Differentiable Manifolds/De Rham cohomology

Proposition (the differentiable forms of a differentiable manifold and the Cartan derivative constitute a cochain complex):

Let ${\displaystyle M}$ be a differentiable manifold of class ${\displaystyle {\mathcal {C}}^{k}}$. Then the diagram

${\displaystyle 0\longrightarrow \Omega ^{0}(M){\overset {d}{\longrightarrow }}\Omega ^{1}(M){\overset {d}{\longrightarrow }}\Omega ^{2}(M){\overset {d}{\longrightarrow }}\cdots }$

constitutes a chain complex of modules over ${\displaystyle {\mathcal {C}}^{k}(M)}$, where ${\displaystyle d}$ shall denote the Cartan derivative.

Proof: This follows immediately from the fact that applying the Cartan derivative twice always yields zero. ${\displaystyle \Box }$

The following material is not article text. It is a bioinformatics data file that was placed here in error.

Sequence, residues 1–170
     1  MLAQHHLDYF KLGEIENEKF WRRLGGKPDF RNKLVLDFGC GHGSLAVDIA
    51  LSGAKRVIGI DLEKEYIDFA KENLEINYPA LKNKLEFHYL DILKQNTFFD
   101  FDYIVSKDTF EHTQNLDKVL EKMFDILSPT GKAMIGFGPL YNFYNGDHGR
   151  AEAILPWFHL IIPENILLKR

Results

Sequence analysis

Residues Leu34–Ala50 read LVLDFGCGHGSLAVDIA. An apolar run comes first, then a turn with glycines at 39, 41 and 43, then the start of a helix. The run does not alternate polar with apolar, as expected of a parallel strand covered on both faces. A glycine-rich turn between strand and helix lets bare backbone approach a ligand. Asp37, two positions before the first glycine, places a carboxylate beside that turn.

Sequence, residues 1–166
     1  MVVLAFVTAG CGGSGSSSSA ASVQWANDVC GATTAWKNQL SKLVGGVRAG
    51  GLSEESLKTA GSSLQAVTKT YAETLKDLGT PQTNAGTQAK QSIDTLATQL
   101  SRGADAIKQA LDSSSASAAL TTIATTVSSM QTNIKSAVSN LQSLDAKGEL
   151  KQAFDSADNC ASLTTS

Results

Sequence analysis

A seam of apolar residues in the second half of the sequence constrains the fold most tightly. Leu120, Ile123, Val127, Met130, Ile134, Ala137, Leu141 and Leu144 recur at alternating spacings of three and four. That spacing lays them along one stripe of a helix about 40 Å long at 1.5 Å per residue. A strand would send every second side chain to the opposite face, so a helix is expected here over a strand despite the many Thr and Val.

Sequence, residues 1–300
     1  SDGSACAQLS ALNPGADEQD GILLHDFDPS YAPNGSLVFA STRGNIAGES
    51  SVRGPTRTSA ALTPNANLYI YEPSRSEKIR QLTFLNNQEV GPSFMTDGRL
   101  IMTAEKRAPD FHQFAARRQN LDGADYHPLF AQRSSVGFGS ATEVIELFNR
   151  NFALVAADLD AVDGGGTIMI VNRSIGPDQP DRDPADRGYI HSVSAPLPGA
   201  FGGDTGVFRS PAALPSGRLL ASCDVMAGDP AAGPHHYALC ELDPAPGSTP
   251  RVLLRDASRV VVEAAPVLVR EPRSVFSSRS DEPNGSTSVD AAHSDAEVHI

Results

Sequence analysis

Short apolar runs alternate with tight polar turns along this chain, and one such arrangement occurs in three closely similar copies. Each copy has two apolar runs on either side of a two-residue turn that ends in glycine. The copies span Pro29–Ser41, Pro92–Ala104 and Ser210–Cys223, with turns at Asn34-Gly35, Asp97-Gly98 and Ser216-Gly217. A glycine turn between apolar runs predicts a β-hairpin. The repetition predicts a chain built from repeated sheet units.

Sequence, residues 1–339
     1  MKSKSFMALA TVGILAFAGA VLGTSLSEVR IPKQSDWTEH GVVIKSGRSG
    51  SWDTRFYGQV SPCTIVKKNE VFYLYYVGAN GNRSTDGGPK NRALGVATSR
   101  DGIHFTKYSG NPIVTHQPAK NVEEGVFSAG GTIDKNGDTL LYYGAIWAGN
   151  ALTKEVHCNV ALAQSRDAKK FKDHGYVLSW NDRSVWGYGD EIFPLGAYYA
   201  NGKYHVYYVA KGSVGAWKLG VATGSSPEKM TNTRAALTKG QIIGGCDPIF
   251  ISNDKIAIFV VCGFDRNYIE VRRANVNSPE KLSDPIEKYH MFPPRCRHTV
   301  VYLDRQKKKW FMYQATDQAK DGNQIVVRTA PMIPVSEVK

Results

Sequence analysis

Definition (de Rham cohomology):

Let ${\displaystyle M}$ be a differentiable manifold of class ${\displaystyle {\mathcal {C}}^{k}}$. The cohomology arising from the chain complex

${\displaystyle 0\longrightarrow \Omega ^{0}(M){\overset {d}{\longrightarrow }}\Omega ^{1}(M){\overset {d}{\longrightarrow }}\Omega ^{2}(M){\overset {d}{\longrightarrow }}\cdots }$

is called de Rham cohomology. The ${\displaystyle k}$-th ${\displaystyle {\mathcal {C}}^{k}(M)}$-module of this cohomology is commonly denoted ${\displaystyle H_{\text{dR}}^{k}(M)}$.